CUPERTINO, USA (Pocket-lint) – From the very first moment Steve Jobs pulled the MacBook Air from a manilla envelope, the laptop has been preferred by Apple as the device to showcase the next steps in the evolution of the Mac.
So, can the MacBook Air 2022 pull off the feat once again and create a laptop that pushes what we’ve come to expect from the company?
Following the reveal at Apple’s WWDC 2022 keynote, Pocket-lint was on-site at Apple Park in Cupertino to check out the new model to see for ourselves.
As a design object, the MacBook Air ticks all the boxes: It’s light, very light, features a strong and robust-looking design, and certainly brings the Air up to the same design ethos and approach as the MacBook Pro launched in 2021 – which we liked.
Like the iPad Air, the MacBook Air now lives up to the name.
In terms of power, again there are plenty of advances here that we’ve yet to fully check out but so far look promising, and that 18-hour-battery-life promise again brings the Air up to what the Air used to deliver.
Our first impressions are incredibly promising. It might not have that blow away feeling that the first model had all those years ago, but this certainly fills that entry-level space for the Mac and creates a device that we suspect will be a strong seller and very popular with Mac users looking to be a part of the Mac story without having to go pro.
The Mac for beginners is back.
- Long battery life
- Notch display design won’t be to everyone’s liking
- Speaker performance could be questionable
- 13.6-inch display with 500 nits
- Two USB-C ports, MagSafe, 3.5mm headphone jack
As far as the MacBook Air goes, the biggest visual change is a completely new design.
Now more akin to the MacBook Pro that released in 2021, the new model strips out a number of “pro” features to create a device that is both thin and light but still manages to be robust and feel strong in the hand.
Up close and personal, that previous wedged design, which has been with us for near on a decade, has been ditched in favour of a flat design that is more akin to the iPad Pro and, of course, the MacBook Pro before it. That means you get four protruding circular feet, no fans, fewer ports, and, for the Liquid Retina display, a notch to house the new 1080p camera.
There are two USB-C ports and a MagSafe fast charge connector down the left side and a 3.5mm jack on the right. The 3.5mm jack only just fits in the space available, giving you a notion about the thinness of this device.
That “thinness” does mean sacrifices have to be made, though; there’s no SD card slot, for example, nor an HDMI port as found on the MacBook Pro. But we suspect that, for many, especially your average MacBook Air user, these are unlikely to be missed. While it means the new MacBook Air has also lost the speaker grilles on the sides of the keyboard, there are two hidden speakers between the top of the keyboard, and the screen takes advantage of the hinge space.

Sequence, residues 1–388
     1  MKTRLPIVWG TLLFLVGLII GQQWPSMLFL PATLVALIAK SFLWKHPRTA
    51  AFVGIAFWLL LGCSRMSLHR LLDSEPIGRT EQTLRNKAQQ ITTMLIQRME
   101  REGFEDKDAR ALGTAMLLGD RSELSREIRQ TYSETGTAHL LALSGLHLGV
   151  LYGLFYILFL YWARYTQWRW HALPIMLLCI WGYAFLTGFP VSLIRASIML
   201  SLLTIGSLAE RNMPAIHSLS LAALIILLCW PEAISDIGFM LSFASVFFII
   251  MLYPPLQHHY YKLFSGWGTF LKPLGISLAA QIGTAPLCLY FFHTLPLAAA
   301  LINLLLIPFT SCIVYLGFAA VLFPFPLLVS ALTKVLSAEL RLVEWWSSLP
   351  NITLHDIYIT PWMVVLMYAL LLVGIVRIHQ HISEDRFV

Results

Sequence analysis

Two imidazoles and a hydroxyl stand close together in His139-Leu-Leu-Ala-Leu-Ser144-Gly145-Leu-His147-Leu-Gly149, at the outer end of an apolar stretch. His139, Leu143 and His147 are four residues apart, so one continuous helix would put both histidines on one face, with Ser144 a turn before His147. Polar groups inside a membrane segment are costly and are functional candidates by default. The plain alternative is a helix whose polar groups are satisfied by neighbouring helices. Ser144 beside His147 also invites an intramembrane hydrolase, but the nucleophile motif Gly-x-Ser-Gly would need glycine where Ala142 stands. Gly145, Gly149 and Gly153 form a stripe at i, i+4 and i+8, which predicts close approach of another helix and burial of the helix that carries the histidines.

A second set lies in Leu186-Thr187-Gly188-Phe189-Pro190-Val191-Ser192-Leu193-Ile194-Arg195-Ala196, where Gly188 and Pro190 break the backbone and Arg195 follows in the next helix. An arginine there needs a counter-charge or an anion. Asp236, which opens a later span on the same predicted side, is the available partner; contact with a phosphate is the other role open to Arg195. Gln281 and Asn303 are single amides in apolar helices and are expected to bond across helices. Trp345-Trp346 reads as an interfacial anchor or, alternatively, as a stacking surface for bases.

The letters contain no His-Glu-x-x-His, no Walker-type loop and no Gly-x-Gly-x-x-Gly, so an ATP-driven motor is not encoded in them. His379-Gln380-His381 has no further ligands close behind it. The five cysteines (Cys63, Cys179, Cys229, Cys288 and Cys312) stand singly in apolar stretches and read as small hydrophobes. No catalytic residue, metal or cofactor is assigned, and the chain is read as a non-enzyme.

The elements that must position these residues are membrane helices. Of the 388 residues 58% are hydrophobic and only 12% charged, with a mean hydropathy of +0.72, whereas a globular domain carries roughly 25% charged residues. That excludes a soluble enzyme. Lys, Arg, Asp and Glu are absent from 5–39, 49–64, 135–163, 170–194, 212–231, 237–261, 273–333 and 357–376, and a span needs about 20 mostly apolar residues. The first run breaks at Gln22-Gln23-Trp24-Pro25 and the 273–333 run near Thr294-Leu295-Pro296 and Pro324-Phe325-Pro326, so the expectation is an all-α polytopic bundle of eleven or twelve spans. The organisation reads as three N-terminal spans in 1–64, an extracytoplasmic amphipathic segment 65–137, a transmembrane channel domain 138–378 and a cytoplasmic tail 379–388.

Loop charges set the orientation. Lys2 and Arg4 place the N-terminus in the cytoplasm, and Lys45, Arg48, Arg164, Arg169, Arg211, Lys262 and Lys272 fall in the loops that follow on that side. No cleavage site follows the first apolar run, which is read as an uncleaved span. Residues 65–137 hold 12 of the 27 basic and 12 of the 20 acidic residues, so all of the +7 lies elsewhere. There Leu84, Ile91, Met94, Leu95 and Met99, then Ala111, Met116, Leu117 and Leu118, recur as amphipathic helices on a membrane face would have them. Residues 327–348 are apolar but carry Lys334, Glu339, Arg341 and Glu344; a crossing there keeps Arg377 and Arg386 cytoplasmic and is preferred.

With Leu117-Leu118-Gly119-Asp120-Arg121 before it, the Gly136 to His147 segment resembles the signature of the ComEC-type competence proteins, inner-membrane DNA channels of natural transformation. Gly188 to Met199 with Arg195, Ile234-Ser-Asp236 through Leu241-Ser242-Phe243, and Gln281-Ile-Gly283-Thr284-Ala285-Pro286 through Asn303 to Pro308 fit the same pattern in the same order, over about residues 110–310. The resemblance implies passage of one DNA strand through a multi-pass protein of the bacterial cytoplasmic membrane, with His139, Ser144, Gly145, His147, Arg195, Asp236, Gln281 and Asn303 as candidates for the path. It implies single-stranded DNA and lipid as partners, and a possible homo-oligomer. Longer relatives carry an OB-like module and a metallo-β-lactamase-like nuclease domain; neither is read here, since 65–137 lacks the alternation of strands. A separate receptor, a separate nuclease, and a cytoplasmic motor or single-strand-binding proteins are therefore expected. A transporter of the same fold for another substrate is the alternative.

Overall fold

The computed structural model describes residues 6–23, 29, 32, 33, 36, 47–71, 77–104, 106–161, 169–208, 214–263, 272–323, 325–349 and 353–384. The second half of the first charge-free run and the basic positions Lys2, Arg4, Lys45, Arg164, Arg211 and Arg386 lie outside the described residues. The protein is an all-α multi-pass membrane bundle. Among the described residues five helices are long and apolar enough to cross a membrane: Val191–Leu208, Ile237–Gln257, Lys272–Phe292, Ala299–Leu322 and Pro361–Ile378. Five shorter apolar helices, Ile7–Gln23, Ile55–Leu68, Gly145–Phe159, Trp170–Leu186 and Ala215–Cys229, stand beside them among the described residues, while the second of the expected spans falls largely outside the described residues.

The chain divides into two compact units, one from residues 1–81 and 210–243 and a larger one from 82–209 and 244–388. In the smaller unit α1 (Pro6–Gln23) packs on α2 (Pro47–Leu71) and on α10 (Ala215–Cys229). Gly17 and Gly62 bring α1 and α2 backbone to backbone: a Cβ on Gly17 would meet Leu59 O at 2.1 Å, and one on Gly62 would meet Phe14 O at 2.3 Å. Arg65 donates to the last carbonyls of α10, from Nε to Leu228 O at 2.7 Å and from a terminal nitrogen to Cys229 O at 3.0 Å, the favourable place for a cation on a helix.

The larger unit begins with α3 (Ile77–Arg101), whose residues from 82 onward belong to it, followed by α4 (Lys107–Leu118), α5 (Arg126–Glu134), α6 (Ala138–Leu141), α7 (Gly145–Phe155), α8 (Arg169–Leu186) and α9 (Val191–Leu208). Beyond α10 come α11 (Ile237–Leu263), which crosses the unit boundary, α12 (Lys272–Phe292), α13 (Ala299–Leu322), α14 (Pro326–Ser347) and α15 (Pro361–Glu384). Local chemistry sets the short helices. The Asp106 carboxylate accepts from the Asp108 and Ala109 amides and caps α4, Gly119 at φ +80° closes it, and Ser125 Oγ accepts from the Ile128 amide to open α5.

We couldn’t fully test the capability of the speakers at the noisy event, but Apple says it should be good enough to enjoy a movie, for example, especially considering the device supports the company’s Spatial Audio technology.
The compact form factor hasn’t affected the screen size, though – mainly thanks to a design change that reduces the bezels on all sides of the display, opting for a notch that houses the 1080p camera for video calls.
It will be available in four colours, including a new Midnight, which has a slight blue hint to it. That’s the colour to get if you are looking for something beyond the usual Space Grey, Silver, or Starlight. Rose Gold fans will be disappointed that colour option has been left to the history books.
M2 and Performance
- M2 and M1 processor options
While the new design is likely to be the driving factor in new sales and upgrades, it’s not the only thing the new MacBook Air has going for it. It’s the first Mac to get the company’s new M2 processor.
Promising to be 18 per cent faster than the M1 powered MacBook Air and offer 35 per cent faster graphics, this should be a proper powerhouse for MacBook Air users looking to do most things without the need to go for all those Pro features.
At the preview event, we were able to fire up a couple of games, see some video editing in progress, and check out some image editing in action.
We couldn’t fully test the new machine and the new M2 processor, but having used the 2020 M1 version, which will also come as a processor option for the 2022 model, we don’t expect users to have to worry it can’t deliver it’s promised performance or live up to the claimed 18-hour battery life. We look forward to giving the new model a run for its money in our full review and will update our findings when we can
As a design object, the MacBook Air ticks all the boxes: It’s light, very light, features a strong and robust-looking design, and certainly brings the Air up to the same design ethos and approach as the MacBook Pro launched in 2021.
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Writing by Stuart Miles.